It's an interesting business model becuase an open platform option now, would mean that all new Leaf/sinar and maybe Phase backs might support the platform in the future (or even intro into the existing line of backs hte pentax mount) and there-by increase the market for the lesnes and any new digital lenses in the pipeline. My guess is that the margins for an integrated digital platform (in fact what they seem to be releasing) would be higher than the increased lens market base for third party back buyers ?

One good thing is that these integrated back cameras are generally more compact and lighter than modular designs. I, like others have commented would prefer to buy a 22Mp "full frame (well OK 1.1X crop)" camera rather than a 31MP cropped sensor product, especially if I was into landscapes (and I am). I am fed up of not using all of a lenses image circle (I shoot with the heavilly crop 16MP sensor MFDB). I can tell you, that if you are humping many KG's of Japaneese glass around the mountains, you are going to want to feel that all that glass is doing something usefull (and not just "the middle bit")!!

just my thoughts

Ed
« Last Edit: February 17, 2010, 04:36:37 AM by Ed Jack » Logged
ixpressraf
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« Reply #35 on: February 17, 2010, 04:45:54 AM »
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pentax until now never had intershangeable back's, only inserts wich makes it very difficult for others to create a back for it. So no third party back's will be available. Besides, there are som many used back's for sale, proven systems, extreme quality. Never jump into a new system as it will have a lot of problems the first years to come.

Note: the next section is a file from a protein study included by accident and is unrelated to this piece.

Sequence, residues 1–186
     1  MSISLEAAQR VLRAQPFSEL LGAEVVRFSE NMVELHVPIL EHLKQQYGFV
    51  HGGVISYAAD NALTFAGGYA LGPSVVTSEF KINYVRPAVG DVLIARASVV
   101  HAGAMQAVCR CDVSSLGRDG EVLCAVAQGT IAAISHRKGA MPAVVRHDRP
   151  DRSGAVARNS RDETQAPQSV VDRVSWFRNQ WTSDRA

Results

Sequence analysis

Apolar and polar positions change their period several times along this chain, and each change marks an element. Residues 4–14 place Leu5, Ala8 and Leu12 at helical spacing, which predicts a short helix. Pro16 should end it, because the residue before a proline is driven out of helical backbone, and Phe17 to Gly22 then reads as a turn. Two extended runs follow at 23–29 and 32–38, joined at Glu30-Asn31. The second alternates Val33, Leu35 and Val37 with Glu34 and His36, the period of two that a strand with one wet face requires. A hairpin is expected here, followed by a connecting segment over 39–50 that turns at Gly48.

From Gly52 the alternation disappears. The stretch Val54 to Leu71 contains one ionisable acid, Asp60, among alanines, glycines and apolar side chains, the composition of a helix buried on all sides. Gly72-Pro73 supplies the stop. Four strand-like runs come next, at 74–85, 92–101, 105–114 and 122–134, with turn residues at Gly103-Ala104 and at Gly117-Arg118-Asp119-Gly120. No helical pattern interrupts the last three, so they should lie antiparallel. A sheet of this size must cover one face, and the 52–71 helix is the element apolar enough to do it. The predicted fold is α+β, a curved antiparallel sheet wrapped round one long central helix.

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« Reply #36 on: February 17, 2010, 05:10:21 AM »
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Quote from: ixpressraf
Never jump into a new system as it will have a lot of problems the first years to come.

To be fair to Pentax, this wouldnt exactly be their first camera   and plenty of 'old' systems have their problems too. If they sell their 645D at the rumoured price, then I think you will have a lot of people jumping all over it.
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brentward
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« Reply #37 on: February 17, 2010, 08:38:22 AM »
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I've been saving some of my choice 67 lenses just in case they finally came out with this!

The 100 macro for the 67 is the highest resolving MF lens I think I've ever used.
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fredjeang
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« Reply #38 on: February 17, 2010, 10:25:07 AM »
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Quote from: brentward
I've been saving some of my choice 67 lenses just in case they finally came out with this!

The 100 macro for the 67 is the highest resolving MF lens I think I've ever used.
Here we go: http://cgi.ebay.es/EXCELLENT-SMC-PENTAX-67...=item19b9ed1a2e
 
This is not gonna last for long...
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KLaban
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« Reply #39 on: February 17, 2010, 10:42:49 AM »
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Quote from: brentward
The 100 macro for the 67 is the highest resolving MF lens I think I've ever used

... on film.